Police recruits in New Haven who have otherwise survived their training still have one more test to pass before receiving their assignments, a grilling by teenagers like 18-year-old Mary Maynard about their backgrounds and attitudes toward working in an urban setting.
Do you have children? Have you ever worked in the city before? What are your experiences with young people? Give the wrong impression -- as one police officer did -- and these recruits are required to receive more training before taking over their beats.
This is the type of power wielded by Maynard and the other members of the Board of Young Adult Police Commissioners, which was considered the first official liaison in the country between teenagers and the police when it began in 1991.
The nine graduates of this year's 22-member board recently celebrated the accomplishments of their four-year terms. That included raising $6,000 for local charities and creating a speaking program in which Police Chief Melvin Wearing met with students in the city's schools to answer questions and discuss police activities.
Teenagers' direct access to the police chief wasn't envisioned when the program was first created. But the speaking arrangements are further proof that the board is more than "window dressing," said Detective Sgt. Patrick Redding, the board's supervisor.
"They have a voice about how they are policed and treated on the street," Redding said.
In the past three years, the chief has visited the city's high schools about a dozen times. During these sessions, students sometimes name police officers who the students say treat them poorly. The chief then brings that news to the attention of the supervisors of those police officers.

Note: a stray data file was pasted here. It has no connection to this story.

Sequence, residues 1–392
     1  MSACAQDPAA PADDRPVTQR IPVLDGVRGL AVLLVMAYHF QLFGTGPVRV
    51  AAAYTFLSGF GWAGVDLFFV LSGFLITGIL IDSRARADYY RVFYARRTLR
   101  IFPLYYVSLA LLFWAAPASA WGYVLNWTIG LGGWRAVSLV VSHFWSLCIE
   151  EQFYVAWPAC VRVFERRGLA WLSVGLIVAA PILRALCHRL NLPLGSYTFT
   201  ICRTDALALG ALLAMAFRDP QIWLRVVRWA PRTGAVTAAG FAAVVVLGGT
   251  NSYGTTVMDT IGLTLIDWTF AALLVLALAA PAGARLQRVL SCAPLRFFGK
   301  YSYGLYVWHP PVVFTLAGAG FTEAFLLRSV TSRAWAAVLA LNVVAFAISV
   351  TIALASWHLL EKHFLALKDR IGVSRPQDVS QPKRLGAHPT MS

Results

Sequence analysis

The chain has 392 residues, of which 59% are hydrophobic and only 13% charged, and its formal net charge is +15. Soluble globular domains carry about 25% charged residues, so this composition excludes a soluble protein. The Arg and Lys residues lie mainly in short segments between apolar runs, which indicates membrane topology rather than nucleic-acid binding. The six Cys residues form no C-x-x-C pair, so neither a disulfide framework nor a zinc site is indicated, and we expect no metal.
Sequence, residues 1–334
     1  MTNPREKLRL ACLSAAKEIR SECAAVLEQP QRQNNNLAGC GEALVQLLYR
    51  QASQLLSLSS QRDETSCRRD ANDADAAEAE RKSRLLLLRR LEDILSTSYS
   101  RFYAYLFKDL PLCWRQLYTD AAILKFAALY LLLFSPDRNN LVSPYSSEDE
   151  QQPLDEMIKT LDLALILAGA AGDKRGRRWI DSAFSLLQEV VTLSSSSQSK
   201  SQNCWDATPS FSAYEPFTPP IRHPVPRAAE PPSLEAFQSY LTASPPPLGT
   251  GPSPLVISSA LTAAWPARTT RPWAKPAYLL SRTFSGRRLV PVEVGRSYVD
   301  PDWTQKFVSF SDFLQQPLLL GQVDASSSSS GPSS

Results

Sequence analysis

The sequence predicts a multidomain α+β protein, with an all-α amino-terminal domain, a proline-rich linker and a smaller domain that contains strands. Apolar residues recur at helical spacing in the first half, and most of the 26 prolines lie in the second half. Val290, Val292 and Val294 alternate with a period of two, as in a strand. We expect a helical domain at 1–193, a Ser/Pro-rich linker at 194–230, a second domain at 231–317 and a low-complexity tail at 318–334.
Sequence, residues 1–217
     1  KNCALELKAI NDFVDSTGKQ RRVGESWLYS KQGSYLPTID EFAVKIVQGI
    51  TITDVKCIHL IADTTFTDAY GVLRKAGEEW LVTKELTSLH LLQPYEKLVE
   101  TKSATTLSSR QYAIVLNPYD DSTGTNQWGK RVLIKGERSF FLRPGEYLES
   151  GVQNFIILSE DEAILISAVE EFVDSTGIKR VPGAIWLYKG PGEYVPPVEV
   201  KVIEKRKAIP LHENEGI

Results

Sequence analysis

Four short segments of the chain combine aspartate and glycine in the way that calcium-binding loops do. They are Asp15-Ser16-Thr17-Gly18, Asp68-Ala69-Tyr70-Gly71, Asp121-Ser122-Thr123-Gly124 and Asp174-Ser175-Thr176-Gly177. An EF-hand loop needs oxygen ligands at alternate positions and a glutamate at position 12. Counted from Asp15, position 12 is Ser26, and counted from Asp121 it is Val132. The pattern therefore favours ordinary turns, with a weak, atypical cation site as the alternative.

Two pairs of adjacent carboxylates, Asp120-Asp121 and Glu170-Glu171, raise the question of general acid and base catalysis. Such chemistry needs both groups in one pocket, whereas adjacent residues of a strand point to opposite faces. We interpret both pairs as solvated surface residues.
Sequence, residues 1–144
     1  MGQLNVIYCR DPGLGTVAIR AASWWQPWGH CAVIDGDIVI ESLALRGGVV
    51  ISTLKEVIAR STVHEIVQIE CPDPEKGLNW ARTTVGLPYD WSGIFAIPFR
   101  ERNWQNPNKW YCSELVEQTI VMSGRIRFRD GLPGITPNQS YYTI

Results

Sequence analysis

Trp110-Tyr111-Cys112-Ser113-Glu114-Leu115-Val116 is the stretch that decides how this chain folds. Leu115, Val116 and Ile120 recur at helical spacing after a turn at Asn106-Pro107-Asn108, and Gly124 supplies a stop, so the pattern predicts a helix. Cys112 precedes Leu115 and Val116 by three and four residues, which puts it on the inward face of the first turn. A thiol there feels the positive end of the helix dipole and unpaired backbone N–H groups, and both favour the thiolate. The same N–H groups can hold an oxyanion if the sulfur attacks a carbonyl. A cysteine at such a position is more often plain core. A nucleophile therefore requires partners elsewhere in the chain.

Students also question various police tactics. One case this past year drew considerable scrutiny. A white police officer from a neighboring town followed a suspect into the city during a car chase and shot to death a black man in his early 20s. The chief agreed with students that it was an example of use of excessive force, but he also was able to explain police procedures during such an incident, Redding said.
"The main purpose of the board is to help bridge the gap between young people and adults," said Maynard, who is planning to attend Fordham University in New York in the fall and is considering a career in law. "This gets the (police chief) into schools so young people can communicate their fears. It definitely helps. They feel like they have made a real connection with the police chief."
In order to fill the board, each year New Haven police sends letters to the city's six high schools inviting students to serve as commissioners. Interested students are then elected by their schools to serve on the board. Current commissioners recommend others to the board, which meets monthly with supervisors in the police department.
Continued in Part 2...